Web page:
A thoughtful novel about a brilliant, determined, transgendered teenager. A National Book Award Finalist.
National Book Award Finalist Julie Anne Peters is the critically acclaimed author of Define 'Normal', Between Mom and Jo and Far from Xanadu.
Peters's (Define "Normal") latest novel sensitively portrays the life of a transgender teen through the eyes of a sympathetic younger sister. Regan has always supported her brother and kept his secret, but when Liam decides to "transition" into Luna, the girl he knows he is inside, Regan faces new complications. Luna begins dressing like a girl in public, first at the mall, then at school and finally at home. Regan watches as strangers gawk, Luna's best friend runs out on her, and their father calls Luna "sick." Regan, too, gets angry with Luna, for "ruining my chances for any kind of ordinary existence," especially when Chris, a cute new student, begins asking her out. The tone is inconsistent-some overly dramatic moments strain credibility (in one harrowing scene, Luna is caught in a negligee by the parents of the kids Regan baby-sits) as do too many silly dating disasters between Regan and Chris. But the author gradually reveals the issues facing a transgender teen, educating readers without feeling too instructional (Luna and Regan discuss lingo, hormones and even sex change operations). Flashbacks throughout help round out the story, explaining Liam/Luna's longtime struggle with a dual existence, and funny, sarcastic-but strong-Regan narrates with an authentic voice that will draw readers into this new territory. Ages 15-up. (May) Copyright 2004 Reed Business Information.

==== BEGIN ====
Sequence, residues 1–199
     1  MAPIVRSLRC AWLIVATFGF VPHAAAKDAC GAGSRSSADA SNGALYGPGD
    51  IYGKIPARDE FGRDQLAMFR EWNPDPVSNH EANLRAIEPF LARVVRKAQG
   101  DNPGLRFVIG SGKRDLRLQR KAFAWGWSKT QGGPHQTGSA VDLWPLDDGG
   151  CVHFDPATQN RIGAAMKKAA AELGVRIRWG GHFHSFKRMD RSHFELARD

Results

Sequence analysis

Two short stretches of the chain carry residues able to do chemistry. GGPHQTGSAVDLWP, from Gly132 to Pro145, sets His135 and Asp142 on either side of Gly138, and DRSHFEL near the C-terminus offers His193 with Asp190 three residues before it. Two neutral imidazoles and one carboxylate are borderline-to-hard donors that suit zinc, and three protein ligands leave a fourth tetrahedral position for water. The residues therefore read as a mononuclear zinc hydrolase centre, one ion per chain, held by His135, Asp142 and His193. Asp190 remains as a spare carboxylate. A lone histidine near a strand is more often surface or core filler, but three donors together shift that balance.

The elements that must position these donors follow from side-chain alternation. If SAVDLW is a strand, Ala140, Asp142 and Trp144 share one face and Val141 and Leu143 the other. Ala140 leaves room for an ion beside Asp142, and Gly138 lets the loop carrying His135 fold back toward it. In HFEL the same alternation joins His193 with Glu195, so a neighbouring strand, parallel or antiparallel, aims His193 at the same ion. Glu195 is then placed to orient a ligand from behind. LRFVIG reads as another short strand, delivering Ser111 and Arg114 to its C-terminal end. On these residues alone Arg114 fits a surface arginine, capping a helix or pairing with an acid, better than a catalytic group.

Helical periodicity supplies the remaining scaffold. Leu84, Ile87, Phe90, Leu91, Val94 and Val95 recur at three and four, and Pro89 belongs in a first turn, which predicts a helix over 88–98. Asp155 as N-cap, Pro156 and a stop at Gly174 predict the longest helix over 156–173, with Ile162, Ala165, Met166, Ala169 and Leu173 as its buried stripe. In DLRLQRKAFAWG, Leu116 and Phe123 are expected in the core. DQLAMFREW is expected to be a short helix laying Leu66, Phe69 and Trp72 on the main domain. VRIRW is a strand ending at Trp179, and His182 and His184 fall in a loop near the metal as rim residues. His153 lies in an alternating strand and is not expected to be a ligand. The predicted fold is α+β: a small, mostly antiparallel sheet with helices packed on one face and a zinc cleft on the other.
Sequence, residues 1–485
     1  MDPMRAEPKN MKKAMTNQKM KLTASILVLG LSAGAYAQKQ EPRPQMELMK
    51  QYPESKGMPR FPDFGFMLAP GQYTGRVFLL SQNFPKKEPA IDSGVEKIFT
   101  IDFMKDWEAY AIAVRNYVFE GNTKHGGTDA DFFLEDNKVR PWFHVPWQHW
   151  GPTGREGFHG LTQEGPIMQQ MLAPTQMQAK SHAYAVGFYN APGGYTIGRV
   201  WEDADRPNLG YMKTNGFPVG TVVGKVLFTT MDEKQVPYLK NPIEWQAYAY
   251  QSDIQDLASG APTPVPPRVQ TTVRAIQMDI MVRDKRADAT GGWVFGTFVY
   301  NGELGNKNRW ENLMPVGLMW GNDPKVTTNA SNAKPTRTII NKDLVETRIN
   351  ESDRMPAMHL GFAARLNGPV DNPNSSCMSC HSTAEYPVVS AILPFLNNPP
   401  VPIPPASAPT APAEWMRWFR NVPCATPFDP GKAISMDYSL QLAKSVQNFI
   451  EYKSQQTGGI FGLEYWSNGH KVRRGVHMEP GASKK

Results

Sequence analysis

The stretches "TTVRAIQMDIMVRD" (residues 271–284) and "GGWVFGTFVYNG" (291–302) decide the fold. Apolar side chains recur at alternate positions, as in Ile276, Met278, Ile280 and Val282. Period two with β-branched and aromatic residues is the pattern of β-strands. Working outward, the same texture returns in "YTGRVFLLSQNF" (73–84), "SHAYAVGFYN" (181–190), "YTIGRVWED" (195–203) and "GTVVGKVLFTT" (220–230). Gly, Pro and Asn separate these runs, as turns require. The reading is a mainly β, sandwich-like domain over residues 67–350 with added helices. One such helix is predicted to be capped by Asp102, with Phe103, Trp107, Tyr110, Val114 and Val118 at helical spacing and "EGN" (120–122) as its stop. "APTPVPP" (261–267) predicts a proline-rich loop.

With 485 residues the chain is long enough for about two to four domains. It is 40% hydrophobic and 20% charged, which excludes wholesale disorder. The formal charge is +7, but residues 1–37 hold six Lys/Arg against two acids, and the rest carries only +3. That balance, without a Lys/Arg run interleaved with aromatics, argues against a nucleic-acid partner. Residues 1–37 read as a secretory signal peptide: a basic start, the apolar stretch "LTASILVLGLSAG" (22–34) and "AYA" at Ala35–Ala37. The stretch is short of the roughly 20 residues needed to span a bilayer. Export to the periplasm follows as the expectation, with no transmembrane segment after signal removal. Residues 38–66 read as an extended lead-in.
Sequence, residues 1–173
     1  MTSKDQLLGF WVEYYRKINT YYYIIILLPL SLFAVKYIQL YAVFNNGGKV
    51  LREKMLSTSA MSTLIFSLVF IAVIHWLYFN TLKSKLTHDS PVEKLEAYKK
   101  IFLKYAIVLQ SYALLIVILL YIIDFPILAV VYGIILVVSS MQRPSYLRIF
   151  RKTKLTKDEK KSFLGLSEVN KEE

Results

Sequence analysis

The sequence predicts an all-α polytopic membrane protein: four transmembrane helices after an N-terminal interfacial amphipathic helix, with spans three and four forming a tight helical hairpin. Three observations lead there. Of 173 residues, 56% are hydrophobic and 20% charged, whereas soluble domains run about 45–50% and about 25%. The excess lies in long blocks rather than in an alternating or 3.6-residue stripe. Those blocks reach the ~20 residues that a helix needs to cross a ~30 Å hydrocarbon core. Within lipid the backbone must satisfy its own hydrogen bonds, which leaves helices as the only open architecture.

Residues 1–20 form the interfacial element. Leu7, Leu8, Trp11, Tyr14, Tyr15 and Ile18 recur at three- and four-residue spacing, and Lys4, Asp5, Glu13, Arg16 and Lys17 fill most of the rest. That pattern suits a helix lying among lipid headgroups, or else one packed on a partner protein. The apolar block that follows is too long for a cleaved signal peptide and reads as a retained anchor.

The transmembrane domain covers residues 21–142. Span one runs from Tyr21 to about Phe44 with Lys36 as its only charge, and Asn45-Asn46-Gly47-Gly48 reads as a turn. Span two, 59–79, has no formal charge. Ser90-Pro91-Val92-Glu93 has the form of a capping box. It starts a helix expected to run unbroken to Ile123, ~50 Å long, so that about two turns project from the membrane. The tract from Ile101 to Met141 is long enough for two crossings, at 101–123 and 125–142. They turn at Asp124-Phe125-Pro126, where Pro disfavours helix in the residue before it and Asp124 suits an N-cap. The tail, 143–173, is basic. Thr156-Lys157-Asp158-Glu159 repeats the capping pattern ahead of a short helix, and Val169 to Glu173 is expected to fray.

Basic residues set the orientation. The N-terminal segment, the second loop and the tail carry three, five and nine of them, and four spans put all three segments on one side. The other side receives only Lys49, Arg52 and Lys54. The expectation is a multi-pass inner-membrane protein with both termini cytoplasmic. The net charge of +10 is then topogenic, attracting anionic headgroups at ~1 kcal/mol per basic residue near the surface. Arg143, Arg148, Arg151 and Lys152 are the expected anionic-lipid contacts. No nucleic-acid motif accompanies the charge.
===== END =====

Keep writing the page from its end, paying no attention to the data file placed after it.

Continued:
'Peters writes her characters with care and complecity. Regan's clumsy new romance and Luna's coming out to a lifelong friends who's in love with Liam shiver with tenuousness, but find hope' - Kirkus Reviews
Gr 9 Up-"Yeah, I loved her. I couldn't help it. She was my brother." Regan has always been there for her transgender brother, Liam, sacrificing her needs for his, but when he announces that he is ready to "transition" into Luna permanently, Regan is not sure she can handle the consequences. She has been his confidant all her life, letting Luna dress in her room, buying underwear for her when Liam couldn't, and giving support. However, when the attractive new guy in chemistry class shows an interest in Regan, she wishes her sibling would just go away and give her a chance to live her own life. Liam realizes that in order for his sister to be free, he, too, must free himself to become the woman who lives inside him. Told from Regan's point of view in the present and in flashback, this novel breaks new ground in YA literature with a sensitive and poignant portrayal of a young man's determination to live his true identity and his family's struggle to accept Luna for who she really is.-Betty S. Evans, Southwest Missouri State University, Springfield Copyright 2004 Reed Business Information.